Console Server Design Considerations
When considering a console solution, a review of the common features available can ensure that the design meets your requirements. Although few environments need all features, it is important to understand the features available in order to measure the importance of features, rank them appropriately, and decide on the best solution for your own environment.
Rights and Authentication
Because of the escalated privileges provided on the console ports on many variants of Unix, rights and authentication features should receive careful consideration. Granularity is the key to flexibly; however, if the solution offers too much granularity, then the rights administration should support a grouping methodology to allow rights to be summarized and applied easily. Specific features to review are limiting users (or groups) to specific ports, time of day login (especially important for operators or outsource data centers), administrator access and limitation to the console, and assistance mode for viewing other sessions.
The types of authentication supported by console servers have improved drastically, with most console servers supporting multiple authentication methodologies. Popular implementations include RADIUS, TACACS, LDAP, and Microsoft Active Directory. Typically one or more of these authentication methods already exist in many environments. The following provides a brief overview of each.
Local Accounts -- Most console servers will have a method of maintaining simple user IDs and passwords. Ideally, a couple of local accounts can be provisioned to be a backup method to the preferred authentication protocol. If choosing local accounts for user and authentication, a close review of common user ID and password policies should be reviewed to ensure compliance with existing policies such as aging passwords, strong passwords, minimum password requirements, etc.
Active Directory -- With Microsoft's popularity in the desktop arena, Active Directory (AD) has become the authentication choice for many organizations.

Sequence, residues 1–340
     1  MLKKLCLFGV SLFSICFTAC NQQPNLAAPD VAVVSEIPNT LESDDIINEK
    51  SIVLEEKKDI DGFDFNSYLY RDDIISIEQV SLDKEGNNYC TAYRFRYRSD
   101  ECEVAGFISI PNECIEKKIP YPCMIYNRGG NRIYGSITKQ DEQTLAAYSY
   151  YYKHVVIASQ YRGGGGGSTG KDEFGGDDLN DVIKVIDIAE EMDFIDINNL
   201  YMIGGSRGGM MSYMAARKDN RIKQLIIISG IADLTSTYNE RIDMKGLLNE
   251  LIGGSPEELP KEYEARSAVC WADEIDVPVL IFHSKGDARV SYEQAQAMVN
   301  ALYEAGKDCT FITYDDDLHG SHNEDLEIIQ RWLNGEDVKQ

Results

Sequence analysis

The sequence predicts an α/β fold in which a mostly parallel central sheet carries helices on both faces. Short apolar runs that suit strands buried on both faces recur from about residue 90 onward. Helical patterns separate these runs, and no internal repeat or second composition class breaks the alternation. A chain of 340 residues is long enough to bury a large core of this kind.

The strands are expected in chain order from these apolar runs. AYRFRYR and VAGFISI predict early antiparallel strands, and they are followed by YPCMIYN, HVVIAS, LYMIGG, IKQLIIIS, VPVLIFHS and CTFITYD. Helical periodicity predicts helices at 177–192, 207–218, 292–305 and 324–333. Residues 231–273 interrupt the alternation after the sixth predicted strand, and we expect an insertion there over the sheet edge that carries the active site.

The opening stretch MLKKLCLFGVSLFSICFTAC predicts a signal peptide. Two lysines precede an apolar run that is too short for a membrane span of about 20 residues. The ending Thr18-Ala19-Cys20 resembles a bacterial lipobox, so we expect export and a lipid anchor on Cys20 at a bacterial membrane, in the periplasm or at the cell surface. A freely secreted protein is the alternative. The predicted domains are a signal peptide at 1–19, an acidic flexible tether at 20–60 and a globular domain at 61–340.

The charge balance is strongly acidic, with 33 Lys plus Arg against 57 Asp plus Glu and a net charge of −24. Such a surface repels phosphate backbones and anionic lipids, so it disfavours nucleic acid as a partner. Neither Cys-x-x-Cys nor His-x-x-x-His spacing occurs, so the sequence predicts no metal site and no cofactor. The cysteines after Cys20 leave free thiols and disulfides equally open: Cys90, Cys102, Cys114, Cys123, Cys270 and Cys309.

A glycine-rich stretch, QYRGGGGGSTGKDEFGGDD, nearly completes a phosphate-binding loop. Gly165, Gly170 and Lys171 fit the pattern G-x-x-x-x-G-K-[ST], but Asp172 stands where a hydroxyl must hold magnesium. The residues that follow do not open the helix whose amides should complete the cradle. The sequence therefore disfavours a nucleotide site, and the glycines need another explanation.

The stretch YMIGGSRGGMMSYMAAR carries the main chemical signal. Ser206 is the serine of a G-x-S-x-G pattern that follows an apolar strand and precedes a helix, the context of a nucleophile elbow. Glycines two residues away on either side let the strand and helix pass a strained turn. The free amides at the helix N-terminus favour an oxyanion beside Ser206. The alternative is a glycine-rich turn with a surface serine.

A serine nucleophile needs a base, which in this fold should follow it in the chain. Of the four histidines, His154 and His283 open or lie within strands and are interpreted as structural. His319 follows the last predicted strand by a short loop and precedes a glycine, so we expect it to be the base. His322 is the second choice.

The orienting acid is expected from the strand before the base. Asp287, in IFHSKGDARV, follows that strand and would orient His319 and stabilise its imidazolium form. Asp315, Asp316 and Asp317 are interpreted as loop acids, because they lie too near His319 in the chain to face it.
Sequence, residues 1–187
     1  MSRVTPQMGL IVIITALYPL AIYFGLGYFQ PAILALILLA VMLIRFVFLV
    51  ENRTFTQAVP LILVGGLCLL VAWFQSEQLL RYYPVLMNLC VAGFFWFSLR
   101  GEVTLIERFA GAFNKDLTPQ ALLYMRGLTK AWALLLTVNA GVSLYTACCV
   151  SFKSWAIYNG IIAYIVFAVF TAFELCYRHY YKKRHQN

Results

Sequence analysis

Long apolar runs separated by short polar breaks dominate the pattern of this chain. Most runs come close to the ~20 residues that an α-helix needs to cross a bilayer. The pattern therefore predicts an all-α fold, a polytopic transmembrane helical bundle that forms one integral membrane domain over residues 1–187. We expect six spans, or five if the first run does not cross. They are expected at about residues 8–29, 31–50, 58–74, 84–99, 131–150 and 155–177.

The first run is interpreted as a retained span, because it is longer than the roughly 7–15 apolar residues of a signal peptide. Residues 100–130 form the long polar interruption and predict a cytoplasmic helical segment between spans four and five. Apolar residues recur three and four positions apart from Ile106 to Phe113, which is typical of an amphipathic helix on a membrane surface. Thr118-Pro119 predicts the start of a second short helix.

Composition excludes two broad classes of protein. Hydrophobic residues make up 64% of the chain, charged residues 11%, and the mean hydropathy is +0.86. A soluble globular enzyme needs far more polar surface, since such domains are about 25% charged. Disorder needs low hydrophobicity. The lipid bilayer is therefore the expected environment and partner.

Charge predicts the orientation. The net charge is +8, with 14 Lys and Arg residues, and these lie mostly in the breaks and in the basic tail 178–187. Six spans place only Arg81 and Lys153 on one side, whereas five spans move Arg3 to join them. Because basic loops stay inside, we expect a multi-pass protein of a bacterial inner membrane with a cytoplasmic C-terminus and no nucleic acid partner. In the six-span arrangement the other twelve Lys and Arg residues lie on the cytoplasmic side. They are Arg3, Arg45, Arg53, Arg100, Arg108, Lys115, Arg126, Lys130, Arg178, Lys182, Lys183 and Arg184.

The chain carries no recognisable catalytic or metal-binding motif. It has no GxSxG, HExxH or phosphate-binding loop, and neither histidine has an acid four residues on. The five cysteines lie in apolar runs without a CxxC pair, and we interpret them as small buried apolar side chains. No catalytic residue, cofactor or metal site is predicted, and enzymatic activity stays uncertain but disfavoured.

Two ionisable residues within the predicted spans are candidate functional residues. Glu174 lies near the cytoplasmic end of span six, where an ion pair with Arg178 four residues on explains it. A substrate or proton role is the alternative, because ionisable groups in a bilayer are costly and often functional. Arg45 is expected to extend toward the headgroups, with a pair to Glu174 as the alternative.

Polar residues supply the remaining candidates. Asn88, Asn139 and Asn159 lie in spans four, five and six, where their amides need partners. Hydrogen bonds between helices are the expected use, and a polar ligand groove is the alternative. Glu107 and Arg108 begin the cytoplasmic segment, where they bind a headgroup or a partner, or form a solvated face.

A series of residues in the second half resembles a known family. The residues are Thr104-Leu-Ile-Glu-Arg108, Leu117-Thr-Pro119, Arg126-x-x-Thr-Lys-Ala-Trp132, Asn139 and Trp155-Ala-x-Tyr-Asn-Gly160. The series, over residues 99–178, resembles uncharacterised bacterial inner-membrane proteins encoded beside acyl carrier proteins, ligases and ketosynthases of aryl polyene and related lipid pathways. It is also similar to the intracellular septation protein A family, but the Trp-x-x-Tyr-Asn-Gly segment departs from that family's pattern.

LDAP -- The Lightweight Directory Access Protocol is gaining strength in Unix shops as Sun moves away from NIS. If you are considering LDAP in other parts of the environment, then LDAP for the console server would also be a good idea. Like RADIUS, LDAP will require an LDAP server to provide the user management capability.
RADIUS (Remote Authentication Dial-In User Service) -- The premium authentication protocol for enterprises and service providers that was established as a standard as part of the massive PPP buildout during the 1990s to support remote access over dial-up lines. RADIUS authentication requires a RAIUS server (typically deployed with redundancy).
TACACS+ (Terminal Access Controller Access Control System+) -- This is a protocol popular in Cisco shops. Its function is similar to RADIUS.
In addition to the rights and authentication features, some environments may also have a need for access control lists. These allow the systems administrator to control from where the console server can be accessed to provide additional security.
Besides the obvious out-of-band features that console servers provide, the most important features -- and often the differentiating factors that drive the purchase decisions are those presented on top of the console access.
Logging -- Capturing all input and output to the console is a key feature to console servers. Advanced features for logging include forwarding to syslog servers and alerting based upon particular search strings on the console. If a proprietary (non-syslog) format is used for storage, the downside to having proprietary logs should be offset from the vendor with features such as statistics, alerting, indexed searches, etc. Besides forwarding to another syslog server, some implementations support picking up logs via the network file system (NFS) or file transfer protocol (ftp).
An advanced feature of the console logging is date stamps, which can be very useful in troubleshooting the timing of event within a distributed environment. Ideally, the date stamp feature is based upon support of the network time protocol (NTP) to allow even correlation to be more easily matched with logs on other devices and systems.
SNMP Translation -- One method of alerting based upon console logs is to translate particular messages to simple network management protocol (traps). This provides (additional) alerting of the hosts supported on the console. (Console servers also support SNMP management; see below.)
Solaris Key Trapping -- Sun systems provide the capability to halt a system with a break combination; however, it is important.
Shared Access -- Often multiple users need access to the console at the same time. This situation may occur when a senior admin needs to assist a junior sys admin or when the administrator needs to watch a vendor carry out particular tasks. Shared access to ports provides this feature. Advanced features include read-only viewing and individual user tracking (who typed what).